Using support staff is ‘teaching on the cheap’


Schools have been accused of using teaching assistants and cover supervisors to teach children on a regular basis rather than employing qualified teachers.

A study by the Association of Teachers and Lecturers (ATL) involving more than 1,435 support staff in state-funded UK schools found that 32 per cent of them said they cover lessons for absent teachers. This included a quarter of the teaching assistants who responded.

Of the 400-plus who stand in for the regular class teacher when they are off sick or on a training course, 60 per cent said they undertook the same work as fully qualified teachers.

More than 70 per cent of support staff said they delivered lessons when they supervised a class, while two-thirds said they have to prepare work for the children to do. A fifth of the support staff said they covered more lessons during the last school year (2012/13) than the year before.

One higher level teaching assistant told the study: “I prepare, teach and mark at least four lessons for two year 7 bottom-set classes, and a year 8 set 3 for at least three hours a week.”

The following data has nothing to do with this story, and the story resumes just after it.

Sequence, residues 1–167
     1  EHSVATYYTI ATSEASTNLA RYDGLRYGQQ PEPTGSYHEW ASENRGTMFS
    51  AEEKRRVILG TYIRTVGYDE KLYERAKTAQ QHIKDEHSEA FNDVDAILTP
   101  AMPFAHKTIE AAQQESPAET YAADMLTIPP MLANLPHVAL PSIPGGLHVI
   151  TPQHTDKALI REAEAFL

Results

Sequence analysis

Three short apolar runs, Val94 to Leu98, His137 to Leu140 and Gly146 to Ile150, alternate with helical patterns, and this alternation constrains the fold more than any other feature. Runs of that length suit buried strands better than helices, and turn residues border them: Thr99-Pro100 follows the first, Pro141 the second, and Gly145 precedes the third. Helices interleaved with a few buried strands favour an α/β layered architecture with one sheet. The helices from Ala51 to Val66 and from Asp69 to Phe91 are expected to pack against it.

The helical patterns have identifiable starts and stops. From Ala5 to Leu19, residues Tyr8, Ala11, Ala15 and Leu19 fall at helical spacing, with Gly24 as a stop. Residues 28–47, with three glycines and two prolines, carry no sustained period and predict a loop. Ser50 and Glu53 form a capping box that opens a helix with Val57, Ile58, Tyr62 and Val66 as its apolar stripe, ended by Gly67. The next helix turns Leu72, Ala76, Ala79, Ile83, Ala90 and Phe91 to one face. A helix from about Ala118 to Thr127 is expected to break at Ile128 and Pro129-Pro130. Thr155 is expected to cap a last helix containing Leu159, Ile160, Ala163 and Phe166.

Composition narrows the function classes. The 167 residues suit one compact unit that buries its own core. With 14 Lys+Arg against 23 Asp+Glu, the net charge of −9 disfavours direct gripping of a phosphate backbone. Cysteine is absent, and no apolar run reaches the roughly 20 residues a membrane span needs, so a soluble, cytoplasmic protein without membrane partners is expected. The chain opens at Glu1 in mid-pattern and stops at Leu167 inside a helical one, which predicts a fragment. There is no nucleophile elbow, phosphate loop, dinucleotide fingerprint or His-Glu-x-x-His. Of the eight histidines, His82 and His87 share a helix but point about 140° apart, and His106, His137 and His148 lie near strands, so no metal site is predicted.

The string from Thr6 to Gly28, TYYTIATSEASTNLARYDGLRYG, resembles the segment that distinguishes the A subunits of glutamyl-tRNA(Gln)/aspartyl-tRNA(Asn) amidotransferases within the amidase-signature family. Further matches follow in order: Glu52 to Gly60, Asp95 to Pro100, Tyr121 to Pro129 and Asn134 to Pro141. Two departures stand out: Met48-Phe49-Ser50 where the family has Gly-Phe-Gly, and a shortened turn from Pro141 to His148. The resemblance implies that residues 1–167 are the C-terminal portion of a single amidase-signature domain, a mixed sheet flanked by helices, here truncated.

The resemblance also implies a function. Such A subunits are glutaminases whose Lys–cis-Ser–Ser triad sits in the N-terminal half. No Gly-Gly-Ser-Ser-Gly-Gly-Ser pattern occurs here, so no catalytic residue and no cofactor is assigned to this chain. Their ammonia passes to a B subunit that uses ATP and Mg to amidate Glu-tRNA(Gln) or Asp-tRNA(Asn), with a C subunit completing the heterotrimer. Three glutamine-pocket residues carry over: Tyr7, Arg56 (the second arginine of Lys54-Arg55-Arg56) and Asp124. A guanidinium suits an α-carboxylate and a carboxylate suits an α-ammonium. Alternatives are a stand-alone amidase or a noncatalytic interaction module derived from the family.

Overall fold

A cover supervisor added: “We are expected to teach subjects, answer questions, supervise controlled GCSE coursework, and make up lessons on the spot. I have even been asked to give copies of lessons I have prepared to members of teaching staff.”

In most instances, support staff only cover classes if the regular teacher is off sick, on training or unavailable for a few days. However, nearly a third (31 per cent) of those used to cover lessons say they take classes for longer than three days.

Dr Mary Bousted, ATL general secretary, said: “We are totally opposed to this exploitation of support staff who are being used as a cheap option to teachers. It is grossly unfair on them and on the children and their parents who rightly expect their children to be taught by qualified teachers.”


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